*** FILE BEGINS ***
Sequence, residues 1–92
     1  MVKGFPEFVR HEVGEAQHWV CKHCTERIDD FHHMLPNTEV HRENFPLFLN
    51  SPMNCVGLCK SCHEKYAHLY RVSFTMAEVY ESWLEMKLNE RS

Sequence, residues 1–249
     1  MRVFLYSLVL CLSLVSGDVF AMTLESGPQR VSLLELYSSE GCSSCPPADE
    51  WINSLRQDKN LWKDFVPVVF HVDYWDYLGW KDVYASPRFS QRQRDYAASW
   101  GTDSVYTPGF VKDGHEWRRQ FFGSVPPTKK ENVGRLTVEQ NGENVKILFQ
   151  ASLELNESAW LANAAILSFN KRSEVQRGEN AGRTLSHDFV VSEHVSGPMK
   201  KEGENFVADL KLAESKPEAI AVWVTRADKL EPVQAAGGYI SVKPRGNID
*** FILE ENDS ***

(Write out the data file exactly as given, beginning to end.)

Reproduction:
Sequence, residues 1–92
     1  MVKGFPEFVR HEVGEAQHWV CKHCTERIDD FHHMLPNTEV HRENFPLFLN
    51  SPMNCVGLCK SCHEKYAHLY RVSFTMAEVY ESWLEMKLNE RS

Sequence, residues 1–249
     1  MRVFLYSLVL CLSLVSGDVF AMTLESGPQR VSLLELYSSE GCSSCPPADE
    51  WINSLRQDKN LWKDFVPVVF HVDYWDYLGW KDVYASPRFS QRQRDYAASW
   101  GTDSVYTPGF VKDGHEWRRQ FFGSVPPTKK ENVGRLTVEQ NGENVKILFQ
   151  ASLELNESAW LANAAILSFN KRSEVQRGEN AGRTLSHDFV VSEHVSGPMK
   201  KEGENFVADL KLAESKPEAI AVWVTRADKL EPVQAAGGYI SVKPRGNID